3. Cotton balls or towelettes _________________________________
4. Water soluble lubricant ___________________________________
5. Container to put urine in.
6. Chart for recording (see sample)

HOW SHOULD I CLEAN AND CATHETERIZE MYSELF?
1. Gather equipment
2. Wash hands with soap and water.
3. Open equipment; lubricate catheter tip with water-soluble lubricant.
4. Spread legs apart (if able).
5. Spread the inner lip apart with one hand. Dip a cotton ball in the cleaning solution and use your other hand to start from the front and wipe down to the back on each side and the middle. Use new cotton ball dipped in cleaning solution on each side until you get it clean.

YOU ARE NOW READY TO INSERT THE CATHETER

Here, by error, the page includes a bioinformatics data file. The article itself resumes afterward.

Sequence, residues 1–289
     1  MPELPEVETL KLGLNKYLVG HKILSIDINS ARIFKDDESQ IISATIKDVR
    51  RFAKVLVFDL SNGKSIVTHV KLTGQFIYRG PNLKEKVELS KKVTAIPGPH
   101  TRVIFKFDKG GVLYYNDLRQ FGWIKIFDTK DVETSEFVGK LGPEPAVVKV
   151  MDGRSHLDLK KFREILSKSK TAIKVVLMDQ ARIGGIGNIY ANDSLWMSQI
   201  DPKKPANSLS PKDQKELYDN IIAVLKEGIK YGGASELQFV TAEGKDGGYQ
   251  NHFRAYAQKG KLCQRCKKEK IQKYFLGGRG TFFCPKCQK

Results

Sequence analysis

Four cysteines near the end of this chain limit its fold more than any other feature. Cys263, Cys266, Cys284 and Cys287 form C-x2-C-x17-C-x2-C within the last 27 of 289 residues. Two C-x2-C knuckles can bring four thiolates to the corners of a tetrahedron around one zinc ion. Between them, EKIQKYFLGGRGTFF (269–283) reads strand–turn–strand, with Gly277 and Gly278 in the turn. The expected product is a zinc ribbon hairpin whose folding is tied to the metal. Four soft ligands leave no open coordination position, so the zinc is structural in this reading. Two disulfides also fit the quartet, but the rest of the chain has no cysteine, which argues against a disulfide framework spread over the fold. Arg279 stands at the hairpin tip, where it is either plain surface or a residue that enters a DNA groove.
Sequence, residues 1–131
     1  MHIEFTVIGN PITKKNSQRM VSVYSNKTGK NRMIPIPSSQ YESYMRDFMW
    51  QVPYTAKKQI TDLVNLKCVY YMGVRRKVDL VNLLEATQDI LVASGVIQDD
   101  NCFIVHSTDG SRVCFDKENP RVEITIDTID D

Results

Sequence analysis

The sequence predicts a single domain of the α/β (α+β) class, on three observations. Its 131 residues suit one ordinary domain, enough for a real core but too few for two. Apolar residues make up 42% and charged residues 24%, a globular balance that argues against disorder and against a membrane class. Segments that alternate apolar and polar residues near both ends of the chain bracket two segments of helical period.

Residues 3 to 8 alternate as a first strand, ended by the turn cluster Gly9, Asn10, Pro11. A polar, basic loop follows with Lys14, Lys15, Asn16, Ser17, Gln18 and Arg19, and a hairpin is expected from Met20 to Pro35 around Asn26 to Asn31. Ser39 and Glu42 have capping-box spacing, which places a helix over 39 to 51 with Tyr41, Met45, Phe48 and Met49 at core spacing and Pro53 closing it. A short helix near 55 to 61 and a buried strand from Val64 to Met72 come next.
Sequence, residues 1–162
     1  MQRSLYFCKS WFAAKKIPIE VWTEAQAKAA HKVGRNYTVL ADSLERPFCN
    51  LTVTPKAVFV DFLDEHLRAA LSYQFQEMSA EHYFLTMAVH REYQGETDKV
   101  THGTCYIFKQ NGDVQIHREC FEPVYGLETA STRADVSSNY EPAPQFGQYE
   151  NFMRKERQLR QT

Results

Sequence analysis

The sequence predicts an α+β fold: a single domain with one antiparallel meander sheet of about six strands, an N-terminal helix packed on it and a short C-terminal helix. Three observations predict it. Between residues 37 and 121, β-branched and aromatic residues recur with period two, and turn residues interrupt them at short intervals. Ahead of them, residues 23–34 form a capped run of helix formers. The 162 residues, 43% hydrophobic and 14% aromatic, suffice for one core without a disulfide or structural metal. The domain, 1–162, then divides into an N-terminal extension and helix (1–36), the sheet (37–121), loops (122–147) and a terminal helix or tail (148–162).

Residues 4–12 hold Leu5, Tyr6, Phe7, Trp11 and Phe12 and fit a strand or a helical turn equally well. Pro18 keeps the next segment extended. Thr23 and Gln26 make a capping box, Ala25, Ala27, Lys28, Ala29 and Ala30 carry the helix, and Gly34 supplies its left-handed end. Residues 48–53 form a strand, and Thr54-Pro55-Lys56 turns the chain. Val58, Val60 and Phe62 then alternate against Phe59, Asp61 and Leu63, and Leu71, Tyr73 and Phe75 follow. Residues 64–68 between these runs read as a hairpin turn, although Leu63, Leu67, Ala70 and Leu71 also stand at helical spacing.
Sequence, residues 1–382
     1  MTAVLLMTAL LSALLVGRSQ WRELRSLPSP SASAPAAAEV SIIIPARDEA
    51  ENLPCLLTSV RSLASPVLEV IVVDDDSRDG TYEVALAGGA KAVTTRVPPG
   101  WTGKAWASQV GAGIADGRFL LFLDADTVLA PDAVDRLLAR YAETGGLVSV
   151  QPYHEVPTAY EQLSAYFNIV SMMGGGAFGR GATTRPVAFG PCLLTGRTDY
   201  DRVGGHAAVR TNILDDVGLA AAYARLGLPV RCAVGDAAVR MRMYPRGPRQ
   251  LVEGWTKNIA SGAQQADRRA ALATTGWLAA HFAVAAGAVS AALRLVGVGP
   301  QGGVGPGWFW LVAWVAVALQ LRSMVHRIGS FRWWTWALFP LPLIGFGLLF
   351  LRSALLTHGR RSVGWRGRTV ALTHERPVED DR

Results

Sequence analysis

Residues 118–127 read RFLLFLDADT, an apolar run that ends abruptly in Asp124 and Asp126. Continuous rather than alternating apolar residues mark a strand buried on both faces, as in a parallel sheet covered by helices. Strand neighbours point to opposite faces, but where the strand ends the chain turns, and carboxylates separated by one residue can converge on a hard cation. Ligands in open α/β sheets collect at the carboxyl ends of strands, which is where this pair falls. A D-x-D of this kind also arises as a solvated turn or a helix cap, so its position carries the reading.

1. Spread inner lips apart and place a finger on the clitoris. (See picture)
2. With the catheter in the other hand and holding upward work down from the clitoris to the urethra. The catheter will ease itself into the first opening, the urethra.
3. Insert the catheter gently into the urethra until urine starts to flow (1/2 inch).
4. Let the urine drain into the ______________________________.
5. When urine stops flowing, gently remove the catheter.
6. Wipe genital area clean.
7. Clean catheter. (See below)
8. Wash hands with soap and water and put supplies away.
9. Measure the amount of urine and record on a chart.

HOW SHOULD I CLEAN MY CATHETERS?
1. Wash catheters with warm soap and water.
2. Dry well with a clean paper or cloth towel.
3. Store the catheter in anything clean and dry. Plastic food bags are useful because a clean one could be used every day.